COLLIER COUNTY, Fla. -- Drivers are being warned about several roads throughout Collier County with standing water over them.
- 2nd Avenue Northeast and Desoto Boulevard
- 62nd Avenue Northeast
- East Avenue
- Golden Gate and Collier Boulevards
- Cypress Point Drive
- Hibiscus Avenue
- Everglades Boulevard and 24th Avenue Northeast
- Whitaker Road
- Logan Boulevard
- 24th Avenue Northeast off of Everglades Boulevard
- 39th Avenue Northeast off of Everglades Boulevard
- 94th Street and Vanderbilt Drive
- West Lane and Wiggins Pass Road
- Airport Road and Davis Boulevard in the outside southbound lanes
- Collier and Davis Boulevards in the westbound lanes
- Plantation Circle
Motorists and pedestrians are urged to use extreme caution when approaching these areas.
Collier County has several tips for driving or walking in flood areas:
• Never walk or drive in the flood waters. Many people are killed by driving or walking on roads and bridges that are covered by water. Even though the water might look only inches deep, it could be much deeper and have strong currents. It only takes two feet of water to carry away a car, and six inches of swiftly moving water will sweep a person off his feet. Turn around, don’t drown.
• Never underestimate the swiftness of the water. Flooded creeks and streams are unpredictable. Even though the surface water may be smooth, the water is moving very fast.
• Don't assume your vehicle is safe. High water in streets and intersections will quickly stall motor vehicles. Most trucks, four-wheel drives, and sport utility vehicles also are susceptible to being swept away by high water.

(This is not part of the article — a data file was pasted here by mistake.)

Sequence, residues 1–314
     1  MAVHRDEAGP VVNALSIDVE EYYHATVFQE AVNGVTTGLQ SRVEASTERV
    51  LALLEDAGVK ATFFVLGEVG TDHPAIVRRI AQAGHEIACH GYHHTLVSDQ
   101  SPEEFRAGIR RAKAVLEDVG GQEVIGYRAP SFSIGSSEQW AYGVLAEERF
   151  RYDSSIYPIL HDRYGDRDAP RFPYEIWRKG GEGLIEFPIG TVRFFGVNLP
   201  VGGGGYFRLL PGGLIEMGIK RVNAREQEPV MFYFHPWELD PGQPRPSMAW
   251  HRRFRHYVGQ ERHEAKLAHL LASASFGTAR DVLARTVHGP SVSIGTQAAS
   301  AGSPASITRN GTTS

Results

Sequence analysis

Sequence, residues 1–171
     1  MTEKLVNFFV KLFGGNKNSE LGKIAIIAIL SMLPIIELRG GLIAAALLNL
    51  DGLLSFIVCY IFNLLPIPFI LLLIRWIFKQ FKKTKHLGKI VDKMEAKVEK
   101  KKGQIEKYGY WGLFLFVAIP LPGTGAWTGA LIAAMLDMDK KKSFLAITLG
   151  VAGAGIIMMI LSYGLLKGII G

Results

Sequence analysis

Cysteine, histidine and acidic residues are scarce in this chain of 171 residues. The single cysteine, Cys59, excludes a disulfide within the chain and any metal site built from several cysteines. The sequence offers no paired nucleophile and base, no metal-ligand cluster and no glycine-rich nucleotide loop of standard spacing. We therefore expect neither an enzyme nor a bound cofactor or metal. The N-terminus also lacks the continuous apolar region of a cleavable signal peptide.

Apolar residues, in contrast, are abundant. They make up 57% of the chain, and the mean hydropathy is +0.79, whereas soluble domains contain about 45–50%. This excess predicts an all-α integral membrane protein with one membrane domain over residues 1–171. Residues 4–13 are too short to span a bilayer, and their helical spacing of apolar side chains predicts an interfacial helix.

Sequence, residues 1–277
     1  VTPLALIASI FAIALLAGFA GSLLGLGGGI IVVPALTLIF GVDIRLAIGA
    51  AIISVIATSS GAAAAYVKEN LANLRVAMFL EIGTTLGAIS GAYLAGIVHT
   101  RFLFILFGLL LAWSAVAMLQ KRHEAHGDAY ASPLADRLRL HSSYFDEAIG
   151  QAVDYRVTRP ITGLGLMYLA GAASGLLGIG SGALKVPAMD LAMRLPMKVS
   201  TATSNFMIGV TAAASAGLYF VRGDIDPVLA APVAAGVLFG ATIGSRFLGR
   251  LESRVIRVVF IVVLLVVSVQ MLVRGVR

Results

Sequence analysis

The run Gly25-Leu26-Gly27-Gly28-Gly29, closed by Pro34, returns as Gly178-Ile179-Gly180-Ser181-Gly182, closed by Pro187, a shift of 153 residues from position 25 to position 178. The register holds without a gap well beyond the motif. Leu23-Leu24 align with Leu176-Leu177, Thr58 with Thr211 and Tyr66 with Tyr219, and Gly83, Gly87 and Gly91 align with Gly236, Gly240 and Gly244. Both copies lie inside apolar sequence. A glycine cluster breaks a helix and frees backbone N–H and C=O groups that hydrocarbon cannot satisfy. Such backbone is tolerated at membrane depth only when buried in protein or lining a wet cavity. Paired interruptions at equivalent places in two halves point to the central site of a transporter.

• Find an alternate route around the flooded area. If you are approaching a flooded roadway, turn around and take an alternate route, even though vehicles in front of you may have passed through the high water. Barricades are for your protection. Do not drive through them.
• Never stay with your car in a flooded area. If your car stalls, abandon it immediately and climb to higher ground. Many deaths have resulted from attempts to move stalled vehicles.
• Never let children play near canals or storm drains when the water is rising or high. Swimming skills have nothing to do with surviving a flooded creek or stream.
• Beware of items being washed downstream. Debris or garbage in the water may include tires, shopping carts and furniture. These items can easily injure or trap a person under water.
• Flood time is not a time for play. Flooded streams and rivers are not safe for recreational boating. Many canoeists and kayakers have been rescued from dangerous rapids in flood-swollen streams and rivers.
• Stay away from storm drains, irrigation ditches, creeks and river areas.
If you have or see any road maintenance, flooding, drainage, landscaping or irrigation issues, please contact (239) 252-8924.